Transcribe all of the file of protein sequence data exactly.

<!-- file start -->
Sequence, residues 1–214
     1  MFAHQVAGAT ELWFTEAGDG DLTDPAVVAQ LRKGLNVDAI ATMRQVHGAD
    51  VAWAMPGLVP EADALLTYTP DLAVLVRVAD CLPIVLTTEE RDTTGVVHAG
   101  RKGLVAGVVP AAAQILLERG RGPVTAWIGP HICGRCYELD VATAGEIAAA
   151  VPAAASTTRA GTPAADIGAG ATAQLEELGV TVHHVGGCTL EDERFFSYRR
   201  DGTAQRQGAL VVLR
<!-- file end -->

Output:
Sequence, residues 1–214
     1  MFAHQVAGAT ELWFTEAGDG DLTDPAVVAQ LRKGLNVDAI ATMRQVHGAD
    51  VAWAMPGLVP EADALLTYTP DLAVLVRVAD CLPIVLTTEE RDTTGVVHAG
   101  RKGLVAGVVP AAAQILLERG RGPVTAWIGP HICGRCYELD VATAGEIAAA
   151  VPAAASTTRA GTPAADIGAG ATAQLEELGV TVHHVGGCTL EDERFFSYRR
   201  DGTAQRQGAL VVLR